Commentary: ‘Killer Joe,’ ‘Lawless,’ ‘Cosmopolis’ serve as an oasis in end-of-summer movie wasteland
Published: Wednesday, September 12, 2012
Updated: Wednesday, September 12, 2012 00:09
Late August through the beginning of October can often be a movie wasteland of long-shelved oddities and future flops (see: “Hit and Run,” “Premium Rush” and whatever “Oogieloves” is). But maybe it’s not so grim. There are three films at your local theater still worth your seven bucks (and then some).
Directed by William Friedkin (“The Exorcist,” “The French Connection”), and featuring one of the most impressive acting ensembles this year, “Killer Joe” is a hard-boiled country noir thriller with equal belly laughs and gut punches. Starring Matthew McConaughey, the trailer park-bound crime story (based on the play of the same name by Pulitzer Prize winning playwright Tracy Letts) also features Emile Hirsch, Thomas Haden Church, Gina Gershon and Juno Temple, who is as equally deserving of awards show attention as McConaughey.
The group forms a dysfunctional family that plots to kill the matriarch and collect the life insurance policy. Predictably, things don’t go quite as planned, and the gruesome fallout will leave you reeling. Friedkin is clearly engaged here, invigorated by working again with his “Bug” screenwriter Letts. McConaughey makes good on his promising supporting turn in this summer’s “Magic Mike,” here stepping into the foreground as the titular detective/hitman, who — just under the veneer of a Texas gentleman — is filled with sizzling sadism, which often boils over.
The limits of good taste are pushed in the NC-17 film, and while some audience members might balk at the more extreme sequences, fans of the dark comedies from the Coen Brothers and Martin McDonagh (“In Bruges,” and the forthcoming “Seven Psychopaths”) should find plenty to love.
“Lawless,” the latest from Australian director John Hillcoat (“The Proposition,” “The Road”), tells the story of the Bondurant brothers, three moonshiners in Depression-era Virginia. The trio keeps Franklin County, Va., running with homemade hooch, helping it earn the nickname “the Wettest County in the World” (also the title of Matt Bondurant’s book, from which the film was adapted by musician and frequent Hillcoat collaborator, Nick Cave).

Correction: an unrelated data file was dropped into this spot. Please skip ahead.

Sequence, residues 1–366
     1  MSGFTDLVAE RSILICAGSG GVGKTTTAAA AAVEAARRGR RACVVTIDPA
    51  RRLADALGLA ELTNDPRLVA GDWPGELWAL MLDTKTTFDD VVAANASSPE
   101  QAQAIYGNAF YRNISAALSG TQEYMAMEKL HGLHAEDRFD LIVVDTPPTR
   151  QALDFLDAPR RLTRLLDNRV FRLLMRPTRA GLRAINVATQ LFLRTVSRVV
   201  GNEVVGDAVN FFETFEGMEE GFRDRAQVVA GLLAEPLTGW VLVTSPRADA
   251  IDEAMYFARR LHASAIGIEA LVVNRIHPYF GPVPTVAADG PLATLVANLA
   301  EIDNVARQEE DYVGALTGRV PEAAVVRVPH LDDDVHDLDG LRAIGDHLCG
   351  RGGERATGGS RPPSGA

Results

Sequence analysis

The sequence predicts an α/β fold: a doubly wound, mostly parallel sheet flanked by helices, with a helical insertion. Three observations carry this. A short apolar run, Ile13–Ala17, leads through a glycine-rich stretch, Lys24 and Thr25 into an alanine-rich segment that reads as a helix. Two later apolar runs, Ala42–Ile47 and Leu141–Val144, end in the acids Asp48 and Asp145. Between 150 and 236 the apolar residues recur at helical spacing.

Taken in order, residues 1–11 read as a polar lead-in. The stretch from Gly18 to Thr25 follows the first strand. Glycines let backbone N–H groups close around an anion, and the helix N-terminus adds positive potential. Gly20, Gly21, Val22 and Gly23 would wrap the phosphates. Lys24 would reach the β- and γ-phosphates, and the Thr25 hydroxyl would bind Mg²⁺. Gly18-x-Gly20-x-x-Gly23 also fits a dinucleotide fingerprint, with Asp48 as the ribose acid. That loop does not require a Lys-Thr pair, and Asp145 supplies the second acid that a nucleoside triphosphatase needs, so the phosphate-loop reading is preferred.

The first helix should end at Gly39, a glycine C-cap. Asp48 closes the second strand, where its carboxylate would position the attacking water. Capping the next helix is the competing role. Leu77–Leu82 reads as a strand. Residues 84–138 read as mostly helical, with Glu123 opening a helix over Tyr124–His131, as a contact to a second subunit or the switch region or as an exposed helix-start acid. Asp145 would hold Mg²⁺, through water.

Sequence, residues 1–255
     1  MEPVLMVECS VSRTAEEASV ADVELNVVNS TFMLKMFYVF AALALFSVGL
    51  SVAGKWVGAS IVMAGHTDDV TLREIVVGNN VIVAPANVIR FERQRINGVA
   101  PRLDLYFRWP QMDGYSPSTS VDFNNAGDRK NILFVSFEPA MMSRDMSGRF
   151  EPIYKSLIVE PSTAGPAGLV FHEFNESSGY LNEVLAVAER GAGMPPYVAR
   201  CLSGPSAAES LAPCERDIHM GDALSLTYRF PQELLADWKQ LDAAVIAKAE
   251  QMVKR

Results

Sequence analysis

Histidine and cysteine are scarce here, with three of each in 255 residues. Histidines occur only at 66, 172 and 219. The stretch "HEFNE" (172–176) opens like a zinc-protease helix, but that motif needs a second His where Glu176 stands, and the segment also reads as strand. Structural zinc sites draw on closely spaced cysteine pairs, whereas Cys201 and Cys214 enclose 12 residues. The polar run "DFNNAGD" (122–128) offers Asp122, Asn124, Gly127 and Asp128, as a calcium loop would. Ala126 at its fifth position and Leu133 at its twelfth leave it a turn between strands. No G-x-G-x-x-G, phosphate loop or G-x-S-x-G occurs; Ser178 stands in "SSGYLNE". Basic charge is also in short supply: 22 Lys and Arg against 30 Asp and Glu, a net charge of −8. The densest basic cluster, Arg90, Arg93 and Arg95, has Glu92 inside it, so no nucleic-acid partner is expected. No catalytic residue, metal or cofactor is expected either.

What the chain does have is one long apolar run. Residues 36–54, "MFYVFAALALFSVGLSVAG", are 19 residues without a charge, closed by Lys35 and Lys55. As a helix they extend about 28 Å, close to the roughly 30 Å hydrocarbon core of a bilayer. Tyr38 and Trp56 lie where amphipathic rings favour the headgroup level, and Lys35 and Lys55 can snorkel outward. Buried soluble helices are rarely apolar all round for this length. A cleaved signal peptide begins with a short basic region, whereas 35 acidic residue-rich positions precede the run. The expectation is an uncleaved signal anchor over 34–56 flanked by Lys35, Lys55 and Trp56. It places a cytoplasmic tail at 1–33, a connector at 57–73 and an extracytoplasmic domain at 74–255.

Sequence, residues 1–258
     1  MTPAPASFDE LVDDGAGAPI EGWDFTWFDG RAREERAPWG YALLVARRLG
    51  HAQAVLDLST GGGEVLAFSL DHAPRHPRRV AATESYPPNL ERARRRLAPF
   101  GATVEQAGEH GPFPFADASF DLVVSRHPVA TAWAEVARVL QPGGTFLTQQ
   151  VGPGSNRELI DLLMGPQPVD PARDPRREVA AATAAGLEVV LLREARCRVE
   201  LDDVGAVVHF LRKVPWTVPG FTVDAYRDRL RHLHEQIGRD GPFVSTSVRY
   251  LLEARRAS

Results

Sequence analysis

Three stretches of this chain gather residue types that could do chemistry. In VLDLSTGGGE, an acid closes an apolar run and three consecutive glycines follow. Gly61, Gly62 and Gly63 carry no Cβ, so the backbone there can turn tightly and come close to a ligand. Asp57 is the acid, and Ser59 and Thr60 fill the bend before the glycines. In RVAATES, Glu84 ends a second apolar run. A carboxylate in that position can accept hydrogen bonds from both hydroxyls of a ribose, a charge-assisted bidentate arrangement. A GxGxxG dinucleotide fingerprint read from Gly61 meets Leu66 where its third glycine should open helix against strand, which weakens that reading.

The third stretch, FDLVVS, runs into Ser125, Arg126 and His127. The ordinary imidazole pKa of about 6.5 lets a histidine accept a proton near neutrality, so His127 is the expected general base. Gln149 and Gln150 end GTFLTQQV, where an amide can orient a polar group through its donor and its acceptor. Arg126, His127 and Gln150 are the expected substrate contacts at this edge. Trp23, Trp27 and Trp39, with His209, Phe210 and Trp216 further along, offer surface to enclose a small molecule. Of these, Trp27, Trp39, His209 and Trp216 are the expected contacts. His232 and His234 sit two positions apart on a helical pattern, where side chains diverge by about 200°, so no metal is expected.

Hillcoat’s film plays as rough as the outlaw family. Tom Hardy (Bane in “The Dark Knight Rises”) gives one of his best performances yet as Forrest, the leader of the pack, whose reserved, grumbling nature is oft-betrayed by punishing violent outbursts. Shia LaBeouf displays heretofore-unseen depth as Jack, the youngest brother and narrator, and Jessica Chastain, Mia Wasikowska and Gary Oldman all do a lot with a little. But it’s Guy Pearce in a deliciously villainous role who steals the show playing Special Deputy Charlie Rakes, the man tasked with bringing the brothers down. The dandified Pearce takes bites out of every scene he’s in. Prim and verbose, he’s the opposite of Hardy’s brooding Forrest, but brutal in a manner that’s equally frightening. “Lawless” is a gangster film for hard times, more “Bonnie and Clyde” than “Goodfellas,” and yet another thrilling genre entry from Hillcoat.
Finally, “Cosmopolis” compels and baffles viewers with its heady dialogue and a compulsively watchable turn from Robert Pattinson, as surprisingly good as LaBeouf in “Lawless,” or Channing Tatum in “Haywire,” “21 Jump Street” and “Magic Mike” (2012 may be remembered as the “Year the Heartthrob Learned to Act”). From the master of cerebral science-fiction and horror, David Cronenberg, “Cosmopolis” might feel like a return to form for those left cold by his recent, more straightforward efforts with films such as “Eastern Promises” and “A Dangerous Method.”
The film defies easy explanation, plot-wise. With the story of a billionaire (Pattinson) trying to cross an increasingly apocalyptic Manhattan for a haircut, the majority of “Cosmopolis” takes place in a futuristic, fortified stretch limousine. Cronenberg, working from his screenplay adapted from Don DeLillo’s novel, stages complicated one-act plays in and around the limo, culminating in a stunning, nearly 20-minute exchange between Pattinson and an always-on-point Paul Giamatti. The supporting cast, which includes Kevin Durand and Juliette Binoche, is strong across the board, with Sarah Gadon deserving special mention. As Pattinson’s wife, Gadon speaks with a classical Hollywood affectation and projects an icily repressed sexuality, in contrast to Pattinson’s libidinous id. Deliberately stagey, dense and challenging, “Cosmopolis” is vintage Cronenberg in all the best ways.